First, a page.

EXCLUSIVE-UPDATE 1-EU's Barnier examines more bank pay limits
* EU regulatory chief suggests squeeze on top banker pay
* Barnier proposes fixed ratio between salaries and bonus
* Commissioner warns failure to act risks backlash
By John O'Donnell and Julien Toyer
LONDON, Jan 23 (Reuters) - The European Commission is considering more rules to curb banker pay, including a possible limit on how much star performers and managers are paid compared to junior staff, as well as a fixed ratio on bonuses over salary, its regulatory chief said on Monday.
In an interview, Michel Barnier outlined his idea for a set ratio between the pay of a bank's top staff and its junior employees, warning that failing to introduce stricter rules on banker pay risked creating a public backlash later.
"If banks are incapable of self-discipline with regards to bonuses, then we must act," said Barnier, who is the Commissioner in charge of proposing and writing the first draft of new Europan Union law.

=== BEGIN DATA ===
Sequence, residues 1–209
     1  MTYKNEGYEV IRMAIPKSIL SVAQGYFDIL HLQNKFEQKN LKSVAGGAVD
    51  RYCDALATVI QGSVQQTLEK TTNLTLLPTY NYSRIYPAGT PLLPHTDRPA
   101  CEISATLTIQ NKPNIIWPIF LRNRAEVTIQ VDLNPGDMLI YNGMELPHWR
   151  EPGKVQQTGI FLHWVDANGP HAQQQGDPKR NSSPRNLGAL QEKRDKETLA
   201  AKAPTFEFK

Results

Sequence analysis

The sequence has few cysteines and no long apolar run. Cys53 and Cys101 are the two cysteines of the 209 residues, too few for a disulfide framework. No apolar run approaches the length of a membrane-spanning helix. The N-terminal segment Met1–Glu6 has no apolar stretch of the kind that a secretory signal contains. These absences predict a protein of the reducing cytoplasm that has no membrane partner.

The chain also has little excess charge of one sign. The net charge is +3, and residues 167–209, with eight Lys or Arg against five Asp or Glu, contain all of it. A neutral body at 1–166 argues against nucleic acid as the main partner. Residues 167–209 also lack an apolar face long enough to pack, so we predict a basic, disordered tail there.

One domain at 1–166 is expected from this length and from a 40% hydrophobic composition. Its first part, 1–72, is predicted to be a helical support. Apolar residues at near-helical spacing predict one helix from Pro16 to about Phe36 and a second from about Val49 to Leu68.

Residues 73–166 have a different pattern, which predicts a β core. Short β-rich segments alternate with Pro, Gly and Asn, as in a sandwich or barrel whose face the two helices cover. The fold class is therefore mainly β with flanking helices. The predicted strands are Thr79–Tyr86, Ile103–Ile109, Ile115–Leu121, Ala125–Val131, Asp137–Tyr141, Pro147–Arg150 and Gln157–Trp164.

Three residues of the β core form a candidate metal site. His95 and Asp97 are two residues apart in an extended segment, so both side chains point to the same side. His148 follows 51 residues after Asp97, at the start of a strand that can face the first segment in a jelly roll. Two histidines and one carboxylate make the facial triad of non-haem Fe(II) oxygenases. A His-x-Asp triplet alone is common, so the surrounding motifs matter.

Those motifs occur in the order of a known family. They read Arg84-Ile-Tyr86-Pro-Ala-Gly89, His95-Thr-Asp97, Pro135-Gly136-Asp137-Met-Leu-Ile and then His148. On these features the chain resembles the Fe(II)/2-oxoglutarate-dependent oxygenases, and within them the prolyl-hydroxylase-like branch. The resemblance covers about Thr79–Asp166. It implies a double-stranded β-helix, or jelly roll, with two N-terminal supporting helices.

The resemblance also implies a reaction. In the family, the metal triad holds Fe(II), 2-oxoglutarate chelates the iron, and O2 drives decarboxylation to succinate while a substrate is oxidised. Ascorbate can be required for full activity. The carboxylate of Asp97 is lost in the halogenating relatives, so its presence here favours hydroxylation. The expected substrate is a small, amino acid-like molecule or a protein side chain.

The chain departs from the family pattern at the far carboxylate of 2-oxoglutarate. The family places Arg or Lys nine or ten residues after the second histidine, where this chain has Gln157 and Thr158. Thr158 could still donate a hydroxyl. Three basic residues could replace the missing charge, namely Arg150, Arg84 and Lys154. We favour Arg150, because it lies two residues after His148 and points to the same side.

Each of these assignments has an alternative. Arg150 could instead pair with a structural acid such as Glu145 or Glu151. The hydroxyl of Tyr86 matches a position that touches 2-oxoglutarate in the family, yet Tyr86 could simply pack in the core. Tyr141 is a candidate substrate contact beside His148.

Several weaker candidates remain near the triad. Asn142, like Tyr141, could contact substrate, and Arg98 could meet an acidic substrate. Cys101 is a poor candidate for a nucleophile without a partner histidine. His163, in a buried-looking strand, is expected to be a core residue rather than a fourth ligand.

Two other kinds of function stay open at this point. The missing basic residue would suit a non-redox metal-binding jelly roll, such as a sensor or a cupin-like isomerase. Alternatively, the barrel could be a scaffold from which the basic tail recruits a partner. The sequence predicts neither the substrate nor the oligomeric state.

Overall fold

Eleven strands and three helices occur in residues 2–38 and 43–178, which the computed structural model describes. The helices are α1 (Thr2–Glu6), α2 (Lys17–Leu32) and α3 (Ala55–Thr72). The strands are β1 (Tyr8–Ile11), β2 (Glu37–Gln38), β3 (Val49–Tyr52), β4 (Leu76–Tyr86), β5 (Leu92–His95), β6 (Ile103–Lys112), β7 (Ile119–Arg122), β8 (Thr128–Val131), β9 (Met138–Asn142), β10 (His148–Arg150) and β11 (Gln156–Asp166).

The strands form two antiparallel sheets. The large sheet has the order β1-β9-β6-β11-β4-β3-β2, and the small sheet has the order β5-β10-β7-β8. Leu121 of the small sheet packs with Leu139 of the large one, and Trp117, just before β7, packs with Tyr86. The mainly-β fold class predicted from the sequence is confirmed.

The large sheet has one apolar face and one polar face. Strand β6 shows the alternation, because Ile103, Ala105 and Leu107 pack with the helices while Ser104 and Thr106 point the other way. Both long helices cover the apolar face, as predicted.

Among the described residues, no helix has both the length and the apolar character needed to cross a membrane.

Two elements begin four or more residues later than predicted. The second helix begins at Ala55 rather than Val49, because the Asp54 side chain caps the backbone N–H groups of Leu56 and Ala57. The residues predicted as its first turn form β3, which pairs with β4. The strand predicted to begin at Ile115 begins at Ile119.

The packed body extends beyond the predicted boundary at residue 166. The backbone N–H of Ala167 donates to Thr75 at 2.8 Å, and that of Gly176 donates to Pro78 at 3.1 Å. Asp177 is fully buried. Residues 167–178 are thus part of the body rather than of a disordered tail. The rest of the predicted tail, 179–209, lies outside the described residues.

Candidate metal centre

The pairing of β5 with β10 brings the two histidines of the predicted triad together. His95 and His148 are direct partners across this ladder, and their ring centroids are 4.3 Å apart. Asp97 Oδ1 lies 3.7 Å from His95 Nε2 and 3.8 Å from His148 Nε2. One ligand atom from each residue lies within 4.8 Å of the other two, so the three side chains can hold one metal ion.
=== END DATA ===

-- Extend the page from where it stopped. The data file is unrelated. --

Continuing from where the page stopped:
"Among the ideas that we are exploring is a ratio between fixed salary and bonus," he said. "Another idea which could be considered is a ratio between the lowest level of pay in a bank and the highest level of pay."
Barnier's suggestion, if written into EU law, would represent one of the most intrusive financial regulations from Brussels since the start of the financial crisis.
While it is likely to be opposed by bankers in the City of London and elsewhere, it could prove politically popular.
Barnier will have an opportunity to discuss his ideas with leaders of finance and industry when he travels later this week to Davos, in Switzerland, for the World Economic Forum.
The EU has already introduced rules to limit how much of a banker's bonus is paid out in cash, in one of the most significant financial reforms yet from Brussels. EU law also insists payouts are made over up to five years.
The latest suggestion from Barnier, who has grown frustrated with what he sees as banks' continuing failure to lower pay, would go further by setting actual limits on how much people are paid.
"Politicians will find it harder and harder to explain to the wider public as some of them experience hardship why bankers get such huge bonuses," said Barnier. "If we don't regulate now, you risk a violent reaction."
(Reporting By John O'Donnell and Julien Toyer. Editing by Jane Merriman)
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